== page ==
Walking into a dentist's office could be less of a frightening thing in the future if scientists Kyle Vining of Harvard and Adam Celiz of the British University of Nottingham have anything to do with it.
Since the 1700s, when modern dentistry began to evolve, people have assumed that the parts of teeth damaged by cavities were gone for good and that there was nothing to be done except drill out the decay and fill the remaining tooth with some kind of enamel or metal. That entire paradigm is changing.
Vining and Celiz have just won a prize in the Royal Society of Chemistry's emerging technology competition for creating a synthetic biomaterial that stimulates stem cells native to your teeth to repair them.
That's right: The substance appears to somehow make that area regenerate pulp tissue and the critical bony material of your tooth known as dentin.
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Celiz said that in the future, all fillings could be made of this material so that damaged teeth could repair themselves, potentially ending the era of root canals, according to Popular Science.
Interest in regenerative medicine for dentistry has been growing in recent years. In 2014, Harvard bioengineering professor David J. Mooney showed that a low-power light might be able to trigger stem cells into regenerating tissue.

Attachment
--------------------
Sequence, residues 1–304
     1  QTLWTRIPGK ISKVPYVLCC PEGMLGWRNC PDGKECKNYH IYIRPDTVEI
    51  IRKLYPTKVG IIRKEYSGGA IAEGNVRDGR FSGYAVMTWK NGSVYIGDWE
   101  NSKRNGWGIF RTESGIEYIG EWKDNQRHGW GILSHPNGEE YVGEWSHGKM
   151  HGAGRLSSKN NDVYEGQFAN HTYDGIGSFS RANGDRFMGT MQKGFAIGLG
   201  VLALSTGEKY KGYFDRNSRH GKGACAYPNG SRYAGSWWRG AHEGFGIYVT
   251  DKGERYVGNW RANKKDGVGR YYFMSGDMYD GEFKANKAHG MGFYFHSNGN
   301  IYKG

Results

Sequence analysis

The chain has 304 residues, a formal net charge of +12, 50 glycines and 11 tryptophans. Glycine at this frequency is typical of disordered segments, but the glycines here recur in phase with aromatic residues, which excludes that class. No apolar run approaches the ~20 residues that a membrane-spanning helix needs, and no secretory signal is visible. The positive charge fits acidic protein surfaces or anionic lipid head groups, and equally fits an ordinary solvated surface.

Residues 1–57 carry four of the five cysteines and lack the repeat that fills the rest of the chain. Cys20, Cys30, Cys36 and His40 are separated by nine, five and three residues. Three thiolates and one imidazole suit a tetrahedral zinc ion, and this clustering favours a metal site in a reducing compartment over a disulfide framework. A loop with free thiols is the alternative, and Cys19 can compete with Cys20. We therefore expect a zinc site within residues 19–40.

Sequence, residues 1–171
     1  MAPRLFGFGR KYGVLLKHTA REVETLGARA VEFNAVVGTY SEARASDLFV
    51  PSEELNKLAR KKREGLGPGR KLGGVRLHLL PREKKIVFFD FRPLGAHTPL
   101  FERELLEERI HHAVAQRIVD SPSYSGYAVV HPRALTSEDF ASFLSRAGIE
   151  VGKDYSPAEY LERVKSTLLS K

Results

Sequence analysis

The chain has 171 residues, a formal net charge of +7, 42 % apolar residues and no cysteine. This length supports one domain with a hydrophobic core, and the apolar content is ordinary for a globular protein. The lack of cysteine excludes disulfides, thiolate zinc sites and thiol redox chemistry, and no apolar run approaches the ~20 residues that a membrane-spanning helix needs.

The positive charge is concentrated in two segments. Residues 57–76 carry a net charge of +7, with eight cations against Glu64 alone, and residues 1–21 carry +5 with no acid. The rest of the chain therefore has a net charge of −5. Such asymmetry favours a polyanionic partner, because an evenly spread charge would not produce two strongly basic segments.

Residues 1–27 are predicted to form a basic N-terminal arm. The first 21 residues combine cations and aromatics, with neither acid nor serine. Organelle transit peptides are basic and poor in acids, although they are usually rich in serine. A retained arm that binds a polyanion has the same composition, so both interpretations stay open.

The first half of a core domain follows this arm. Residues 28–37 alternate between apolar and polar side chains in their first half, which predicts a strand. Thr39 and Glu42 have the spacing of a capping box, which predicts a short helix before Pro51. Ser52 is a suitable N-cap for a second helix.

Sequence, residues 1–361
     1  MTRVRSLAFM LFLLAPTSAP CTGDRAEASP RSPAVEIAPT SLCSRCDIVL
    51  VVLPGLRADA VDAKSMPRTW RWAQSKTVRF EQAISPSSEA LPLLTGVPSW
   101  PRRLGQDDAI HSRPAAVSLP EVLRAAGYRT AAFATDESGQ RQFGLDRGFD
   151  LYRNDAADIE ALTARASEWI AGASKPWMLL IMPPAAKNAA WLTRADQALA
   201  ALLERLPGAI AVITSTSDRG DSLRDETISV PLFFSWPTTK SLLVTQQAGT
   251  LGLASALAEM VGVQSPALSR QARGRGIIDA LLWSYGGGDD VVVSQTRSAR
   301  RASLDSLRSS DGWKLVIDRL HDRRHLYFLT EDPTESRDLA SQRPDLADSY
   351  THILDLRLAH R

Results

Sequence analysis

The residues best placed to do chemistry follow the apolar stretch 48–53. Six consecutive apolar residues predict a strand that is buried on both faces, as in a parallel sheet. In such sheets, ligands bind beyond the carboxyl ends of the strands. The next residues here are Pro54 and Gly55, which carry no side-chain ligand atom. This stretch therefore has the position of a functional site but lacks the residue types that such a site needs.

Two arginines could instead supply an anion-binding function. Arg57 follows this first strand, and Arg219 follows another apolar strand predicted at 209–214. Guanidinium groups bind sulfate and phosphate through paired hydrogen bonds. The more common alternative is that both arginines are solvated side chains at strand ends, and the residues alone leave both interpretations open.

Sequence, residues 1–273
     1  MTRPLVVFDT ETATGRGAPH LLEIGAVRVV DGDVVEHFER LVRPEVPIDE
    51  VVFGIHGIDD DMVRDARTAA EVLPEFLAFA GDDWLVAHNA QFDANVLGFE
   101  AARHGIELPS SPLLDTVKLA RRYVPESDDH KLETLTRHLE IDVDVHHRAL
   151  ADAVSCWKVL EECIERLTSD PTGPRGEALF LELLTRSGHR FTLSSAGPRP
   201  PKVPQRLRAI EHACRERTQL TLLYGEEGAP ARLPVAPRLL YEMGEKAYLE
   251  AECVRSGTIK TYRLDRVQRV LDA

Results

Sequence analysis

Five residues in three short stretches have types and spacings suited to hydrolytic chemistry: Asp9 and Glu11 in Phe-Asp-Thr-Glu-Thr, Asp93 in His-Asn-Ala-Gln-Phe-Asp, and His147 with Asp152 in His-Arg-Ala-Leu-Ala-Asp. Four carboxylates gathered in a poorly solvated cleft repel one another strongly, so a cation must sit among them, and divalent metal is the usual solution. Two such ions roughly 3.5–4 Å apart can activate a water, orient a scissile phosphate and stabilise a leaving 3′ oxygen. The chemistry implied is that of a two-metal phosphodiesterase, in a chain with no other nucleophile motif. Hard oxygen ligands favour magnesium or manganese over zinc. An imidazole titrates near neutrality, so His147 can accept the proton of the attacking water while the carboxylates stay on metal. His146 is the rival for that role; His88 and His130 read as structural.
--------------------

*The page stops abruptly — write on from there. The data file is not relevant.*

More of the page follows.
The work involved drilling holes in the molars of rodents and treating the tooth pulp with adult stem cells with low-dose laser. They checked the teeth about 12 weeks later with high-resolution X-rays and microscopy, and found that there was more dentin.
Ruoxue Feng and Christopher Lengner wrote in a 2013 paper that from an economic and practical standpoint, dental stem cell therapy could most easily be applied to treating cavities or the detachment of some ligaments because of an injury but that replacing a whole tooth appeared to be untenable at this time.
"Stem cells are rapidly becoming a focus for the restoration of function and aesthetics in dentistry," the researchers wrote.